1. The Ultimate Sounding Board
Whether newly diagnosed or a seasoned FPIES parent, our minds never seem to stop. FPIES is not always predictable; as parents we often question what, where, when and how to do things, from food trials to social situations, and so much more. A support group can help simply by offering a forum to hash it out, with the guidance of a medical professional and the wisdom and experience of other parents who are walking a similar path.
2. The Wisdom of Crowds
Being on this less traveled path of FPIES, resources can seem slim to none at times. Joining a support group helps to gather and broaden our collective knowledge. Many times, we are in search of a good doctor, dietician, food-free activity, or allergy-friendly restaurant in our area. As a parent, we are often overwhelmed and can't look into everything all at once. Talking with other parents in your region can help to gain invaluable, practical knowledge in the face of FPIES.
3. The More You Know
FPIES parents value accurate information from a trusted source. At your local FPIES support group, a medical professional will be in attendance to help answer questions and guide you. In addition, I-FPIES will provide useful updates and materials to help ensure you get the essential information you need. Depending on your group, special guest speakers may be present as well to share their area of expertise. Knowing you are obtaining reliable, up-to-date information can be an empowering experience.
4. Finally, People Who Get Me...
Let's face it: it's difficult for most to relate to life with FPIES unless they've actually lived it. For many who join a support group, it's a profound relief to meet understanding families who have had a similar experience. Connecting with other parents who manage FPIES on a daily basis can be a huge source of support and empathy—it also makes the journey less isolating.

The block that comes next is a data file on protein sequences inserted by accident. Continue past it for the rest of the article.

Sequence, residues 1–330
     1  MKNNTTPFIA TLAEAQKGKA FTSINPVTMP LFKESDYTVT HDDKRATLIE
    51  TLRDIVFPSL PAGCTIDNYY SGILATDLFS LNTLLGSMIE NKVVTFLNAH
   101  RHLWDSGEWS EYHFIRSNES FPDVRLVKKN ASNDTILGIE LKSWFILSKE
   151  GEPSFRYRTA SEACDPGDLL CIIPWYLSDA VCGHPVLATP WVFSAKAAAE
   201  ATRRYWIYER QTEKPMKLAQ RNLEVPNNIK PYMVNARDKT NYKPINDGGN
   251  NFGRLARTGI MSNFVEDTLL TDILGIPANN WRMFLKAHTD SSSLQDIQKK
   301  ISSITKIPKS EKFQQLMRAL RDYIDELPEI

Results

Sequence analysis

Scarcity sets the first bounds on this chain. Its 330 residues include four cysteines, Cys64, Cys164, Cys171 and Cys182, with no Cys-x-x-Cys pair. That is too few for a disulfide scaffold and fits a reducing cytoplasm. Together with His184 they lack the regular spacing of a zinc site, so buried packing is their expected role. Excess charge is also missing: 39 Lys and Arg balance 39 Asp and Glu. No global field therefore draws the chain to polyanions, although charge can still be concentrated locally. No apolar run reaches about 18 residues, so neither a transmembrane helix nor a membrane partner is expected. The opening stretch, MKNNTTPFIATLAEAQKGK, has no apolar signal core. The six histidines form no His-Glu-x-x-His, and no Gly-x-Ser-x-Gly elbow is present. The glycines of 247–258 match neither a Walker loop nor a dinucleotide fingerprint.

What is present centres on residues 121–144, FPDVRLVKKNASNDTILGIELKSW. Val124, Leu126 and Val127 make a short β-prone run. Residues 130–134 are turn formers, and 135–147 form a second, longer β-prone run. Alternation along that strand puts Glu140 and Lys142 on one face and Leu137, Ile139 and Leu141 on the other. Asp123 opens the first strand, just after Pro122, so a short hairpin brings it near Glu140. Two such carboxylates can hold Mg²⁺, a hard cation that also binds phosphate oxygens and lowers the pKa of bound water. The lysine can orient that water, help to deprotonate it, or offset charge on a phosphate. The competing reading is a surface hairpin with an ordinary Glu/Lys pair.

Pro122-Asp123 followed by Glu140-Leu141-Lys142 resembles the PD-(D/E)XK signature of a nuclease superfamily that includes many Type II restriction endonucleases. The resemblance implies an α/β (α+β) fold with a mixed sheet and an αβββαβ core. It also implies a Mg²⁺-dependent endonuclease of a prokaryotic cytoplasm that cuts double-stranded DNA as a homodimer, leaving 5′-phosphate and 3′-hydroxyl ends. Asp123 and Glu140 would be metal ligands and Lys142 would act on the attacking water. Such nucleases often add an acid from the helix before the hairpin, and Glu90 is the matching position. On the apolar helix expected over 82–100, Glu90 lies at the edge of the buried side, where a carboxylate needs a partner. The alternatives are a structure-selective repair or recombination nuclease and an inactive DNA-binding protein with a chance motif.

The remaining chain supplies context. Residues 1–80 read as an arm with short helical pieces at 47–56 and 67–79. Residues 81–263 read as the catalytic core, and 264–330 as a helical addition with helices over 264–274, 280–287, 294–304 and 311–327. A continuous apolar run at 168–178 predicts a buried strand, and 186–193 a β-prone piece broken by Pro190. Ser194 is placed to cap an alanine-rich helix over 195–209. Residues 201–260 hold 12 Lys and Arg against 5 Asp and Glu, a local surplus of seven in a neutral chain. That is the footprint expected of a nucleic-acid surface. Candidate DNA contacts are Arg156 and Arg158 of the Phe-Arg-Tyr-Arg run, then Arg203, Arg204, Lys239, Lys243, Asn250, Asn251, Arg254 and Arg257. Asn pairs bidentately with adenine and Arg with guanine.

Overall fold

5. Let's Have a Playdate!
Now that we've talked FPIES together, let's meet up for some fun. Support groups can connect entire families. After all, who better to have a play date with than someone who understands? Getting families together outside the support group can help kids and parents socially, physically and emotionally. It can also bring a sense of normalcy and community, along with new lifelong friends.
6. IEP, EIP, 504, CPT, ICD-10. Huh?
What are all these abbreviations? How is my FPIES child going to successfully attend daycare, preschool or elementary school? How do I get insurance to cover my child's formula? Support groups can help with these issues, too. Chances are a fellow parent or the medical professional in attendance will have experience or insights to share. It may also be a great opportunity to get a guest speaker for the next meeting to help on that topic and alleviate some of the stress all these abbreviations can cause.
7. It's All About Proximity
You've joined the online support groups, you've Googled the night away in search of answers. But sometimes we forget there are people in our own communities who are facing a similar challenge. A local support group can get you all together face to face for an open, honest discussion. Connecting on that level can help foster friendships, lead to creativity and inspiration, and even help to raise local FPIES awareness—together.
8. Your Voice Matters
You go to an FPIES support group to get answers. But you'll find that you can also be a valuable resource to other families. Whether you're the parent of a newly diagnosed child or you've been on the frontlines of FPIES for awhile, each participant brings a unique perspective that leads to a collective dialogue. Share what you have learned with the group and others will be grateful for your knowledge and experience!